International edition
September 20, 2021

Identical to S3893, introduced in January

New York welcomes second online poker bill

New York welcomes second online poker bill
The legislative pieces are now in place for New York to legalize online poker following the introduction of Assemblyman Gary Pretlow’s A5250 this week. New York and Pennsylvania made the most progress in 2016 toward passing bills to regulate online poke
United States | 02/09/2017

The legislative pieces are now in place for New York to legalize online poker following the introduction of Assemblyman Gary Pretlow’s A5250 this week. New York and Pennsylvania made the most progress in 2016 toward passing bills to regulate online poker — Pennsylvania’s effort also included online casino games.

T

he bill is identical to S3893, introduced in January by Sen. John Bonacic.

2016 was a year of multiple legislative milestones for New York’s online poker effort, including the first successful committee vote for an online poker bill and Senate passage of the bill.

But the optimism generated by those milestones was tempered by Pretlow’s negative outlook for online poker in the Assembly.
Despite a 53-5 margin in the Senate, Pretlow declared the bill dead in the Assembly, telling GamblingCompliance that “there are still some entities in my house that have issues with it.”

Despite having proposed bills to regulate online poker for the last three sessions, Pretlow has over time expressed varying, and often ambivalent, attitudes toward the activity.

“In poker, you’re betting and you’re changing the bet by raising. That’s gambling. In my legislative finding, I found DFS is not gambling. I can’t find that poker is not gambling,” Pretlow told PokerNews in June of 2016

New York’s constitution effectively prohibits the legislative expansion of gambling. That’s among the primary reasons why the state is seeking to legalize online poker alone, as opposed to online poker and casino games.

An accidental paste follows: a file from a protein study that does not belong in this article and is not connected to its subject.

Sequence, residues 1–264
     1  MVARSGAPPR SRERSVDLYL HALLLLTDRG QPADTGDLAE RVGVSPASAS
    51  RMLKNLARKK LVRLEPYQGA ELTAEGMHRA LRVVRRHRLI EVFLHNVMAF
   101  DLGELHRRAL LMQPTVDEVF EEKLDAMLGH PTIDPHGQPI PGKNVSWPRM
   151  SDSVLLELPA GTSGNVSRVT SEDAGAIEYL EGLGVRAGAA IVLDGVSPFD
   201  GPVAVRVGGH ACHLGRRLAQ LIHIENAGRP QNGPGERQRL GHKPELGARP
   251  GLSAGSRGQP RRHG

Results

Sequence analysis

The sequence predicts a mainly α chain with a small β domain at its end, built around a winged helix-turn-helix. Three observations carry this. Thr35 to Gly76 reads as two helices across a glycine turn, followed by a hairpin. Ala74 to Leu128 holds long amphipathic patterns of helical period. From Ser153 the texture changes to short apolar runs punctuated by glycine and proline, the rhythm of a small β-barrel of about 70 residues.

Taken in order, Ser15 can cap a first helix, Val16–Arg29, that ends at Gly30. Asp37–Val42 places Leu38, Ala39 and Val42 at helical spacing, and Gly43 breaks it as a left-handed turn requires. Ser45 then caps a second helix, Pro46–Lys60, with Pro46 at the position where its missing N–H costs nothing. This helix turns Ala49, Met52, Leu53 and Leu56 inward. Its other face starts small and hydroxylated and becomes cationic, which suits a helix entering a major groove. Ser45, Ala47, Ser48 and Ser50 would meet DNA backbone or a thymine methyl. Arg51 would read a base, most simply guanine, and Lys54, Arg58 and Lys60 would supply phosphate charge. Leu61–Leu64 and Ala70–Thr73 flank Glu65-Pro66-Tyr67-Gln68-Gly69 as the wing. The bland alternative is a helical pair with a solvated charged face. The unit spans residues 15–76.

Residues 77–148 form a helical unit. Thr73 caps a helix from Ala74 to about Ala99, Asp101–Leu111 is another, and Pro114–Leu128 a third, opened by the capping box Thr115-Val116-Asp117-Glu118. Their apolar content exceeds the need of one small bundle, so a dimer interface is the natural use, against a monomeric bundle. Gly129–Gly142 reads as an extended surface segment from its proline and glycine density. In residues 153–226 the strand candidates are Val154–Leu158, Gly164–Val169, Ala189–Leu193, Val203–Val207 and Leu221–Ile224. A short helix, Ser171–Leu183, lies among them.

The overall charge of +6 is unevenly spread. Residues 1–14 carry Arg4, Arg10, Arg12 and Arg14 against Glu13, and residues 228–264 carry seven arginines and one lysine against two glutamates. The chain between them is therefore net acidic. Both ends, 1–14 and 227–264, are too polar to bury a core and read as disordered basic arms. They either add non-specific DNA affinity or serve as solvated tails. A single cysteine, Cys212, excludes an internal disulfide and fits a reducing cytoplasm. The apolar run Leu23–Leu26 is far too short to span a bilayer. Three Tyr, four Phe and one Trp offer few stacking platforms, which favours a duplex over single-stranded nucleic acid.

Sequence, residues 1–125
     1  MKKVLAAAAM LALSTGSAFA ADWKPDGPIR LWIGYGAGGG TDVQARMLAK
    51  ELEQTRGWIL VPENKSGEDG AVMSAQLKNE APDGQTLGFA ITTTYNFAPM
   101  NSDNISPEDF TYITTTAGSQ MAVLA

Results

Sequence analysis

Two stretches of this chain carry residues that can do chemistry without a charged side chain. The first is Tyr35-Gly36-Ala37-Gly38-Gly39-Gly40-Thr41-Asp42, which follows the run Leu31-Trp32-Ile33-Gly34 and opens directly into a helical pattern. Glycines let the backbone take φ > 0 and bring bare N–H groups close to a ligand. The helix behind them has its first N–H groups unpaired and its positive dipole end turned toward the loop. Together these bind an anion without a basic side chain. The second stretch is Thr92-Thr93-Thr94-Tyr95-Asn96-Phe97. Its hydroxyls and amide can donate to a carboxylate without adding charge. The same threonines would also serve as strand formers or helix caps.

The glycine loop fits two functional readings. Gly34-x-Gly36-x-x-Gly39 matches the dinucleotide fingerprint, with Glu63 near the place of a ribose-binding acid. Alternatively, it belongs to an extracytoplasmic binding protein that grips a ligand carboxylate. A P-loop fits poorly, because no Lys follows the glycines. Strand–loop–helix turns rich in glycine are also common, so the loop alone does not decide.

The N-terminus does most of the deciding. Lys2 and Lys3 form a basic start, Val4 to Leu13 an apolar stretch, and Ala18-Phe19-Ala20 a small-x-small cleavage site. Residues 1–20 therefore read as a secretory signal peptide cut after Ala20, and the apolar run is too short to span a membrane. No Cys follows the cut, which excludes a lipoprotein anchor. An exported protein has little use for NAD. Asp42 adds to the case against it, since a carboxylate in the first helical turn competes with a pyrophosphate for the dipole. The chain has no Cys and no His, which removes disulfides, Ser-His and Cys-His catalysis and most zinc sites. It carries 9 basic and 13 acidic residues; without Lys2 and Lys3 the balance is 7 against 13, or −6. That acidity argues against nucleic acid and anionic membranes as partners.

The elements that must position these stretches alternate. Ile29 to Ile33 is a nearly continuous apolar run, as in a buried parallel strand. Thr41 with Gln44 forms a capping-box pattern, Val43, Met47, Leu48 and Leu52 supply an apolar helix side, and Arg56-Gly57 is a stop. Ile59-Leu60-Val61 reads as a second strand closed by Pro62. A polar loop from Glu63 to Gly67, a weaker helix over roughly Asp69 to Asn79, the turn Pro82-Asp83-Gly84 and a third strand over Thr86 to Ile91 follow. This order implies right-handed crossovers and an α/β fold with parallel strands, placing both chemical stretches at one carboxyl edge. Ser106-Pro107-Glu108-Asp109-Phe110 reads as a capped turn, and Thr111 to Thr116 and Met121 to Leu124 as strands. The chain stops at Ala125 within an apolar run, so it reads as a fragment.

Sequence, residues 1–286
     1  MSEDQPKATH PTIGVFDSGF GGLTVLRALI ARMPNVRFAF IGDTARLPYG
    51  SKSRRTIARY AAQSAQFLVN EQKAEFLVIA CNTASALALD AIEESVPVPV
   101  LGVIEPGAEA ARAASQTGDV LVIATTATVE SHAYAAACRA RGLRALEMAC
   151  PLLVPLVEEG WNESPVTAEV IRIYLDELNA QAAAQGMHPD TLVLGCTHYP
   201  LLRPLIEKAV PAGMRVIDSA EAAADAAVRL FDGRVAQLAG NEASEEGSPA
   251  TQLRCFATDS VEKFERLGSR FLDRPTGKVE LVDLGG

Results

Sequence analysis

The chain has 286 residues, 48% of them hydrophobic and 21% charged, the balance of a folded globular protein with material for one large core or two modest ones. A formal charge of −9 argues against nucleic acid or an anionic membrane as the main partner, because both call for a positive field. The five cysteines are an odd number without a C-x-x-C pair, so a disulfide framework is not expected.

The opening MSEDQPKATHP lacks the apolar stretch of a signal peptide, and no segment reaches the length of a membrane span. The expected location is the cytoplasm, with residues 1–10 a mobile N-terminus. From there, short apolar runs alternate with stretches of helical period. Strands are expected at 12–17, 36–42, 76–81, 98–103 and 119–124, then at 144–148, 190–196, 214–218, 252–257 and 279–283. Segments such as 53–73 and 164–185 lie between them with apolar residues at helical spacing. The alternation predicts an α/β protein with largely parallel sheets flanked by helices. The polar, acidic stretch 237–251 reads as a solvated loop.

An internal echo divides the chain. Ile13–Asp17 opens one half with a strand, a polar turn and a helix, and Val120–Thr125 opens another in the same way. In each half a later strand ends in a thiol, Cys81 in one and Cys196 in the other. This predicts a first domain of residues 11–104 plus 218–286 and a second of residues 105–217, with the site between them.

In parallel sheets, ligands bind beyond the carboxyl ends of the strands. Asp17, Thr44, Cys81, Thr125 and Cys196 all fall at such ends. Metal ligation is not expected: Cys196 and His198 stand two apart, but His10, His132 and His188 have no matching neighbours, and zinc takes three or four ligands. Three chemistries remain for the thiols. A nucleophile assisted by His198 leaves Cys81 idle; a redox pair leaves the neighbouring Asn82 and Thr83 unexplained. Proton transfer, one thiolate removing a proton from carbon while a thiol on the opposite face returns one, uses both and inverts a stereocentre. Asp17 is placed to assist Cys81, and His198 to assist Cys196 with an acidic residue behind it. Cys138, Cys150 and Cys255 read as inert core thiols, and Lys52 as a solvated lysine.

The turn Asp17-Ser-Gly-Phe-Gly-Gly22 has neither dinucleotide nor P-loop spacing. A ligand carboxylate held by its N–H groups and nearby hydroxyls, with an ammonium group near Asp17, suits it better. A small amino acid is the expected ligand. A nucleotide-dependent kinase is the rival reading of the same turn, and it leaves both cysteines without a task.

Pretlow and Bonacic’s legislative effort defines poker as a game of skill, a classification that allows the bill to escape the prohibition on gambling. The same approach was employed in 2016 legislation that authorized daily fantasy sports contests.

Numerous studies covering both cash game and tournament poker play have concluded that skill predominates luck in determining outcomes over the long run.

Pretlow also flagged cheating concerns in his interview with PokerNews.

“I still have issues with people cheating […] It’s a serious question I’ve had for a while, and it hasn’t been proven to me that doesn’t happen”

Both concerns seemed to have abated.

Pretlow told GamblingCompliance in January that he “wasn’t aware of” the stringent security measures around online poker play put in place by regulators in New Jersey.

Pretlow went on to comment that “we do have legislation that is good,” an apparent reference to earlier worries that an online poker bill might not pass constitutional muster.

Daily fantasy sports may be providing a preview of what’s to come for online poker should lawmakers in New York successfully pass a bill into law.

In one of the stranger twists of the DFS saga, New York Attorney General Eric Schneiderman is currently defending New York’s DFS bill against a lawsuit from anti-gambling group Stop Predatory Gambling.

The lawsuit claims that the bill represents an expansion of gambling, and therefore is in violation of the state’s constitution, forcing Schneiderman – one of the most vocal agitators of the DFS industry – to argue that DFS is not gambling.
A similar challenge may well be mounted should online poker be legalized in New York.

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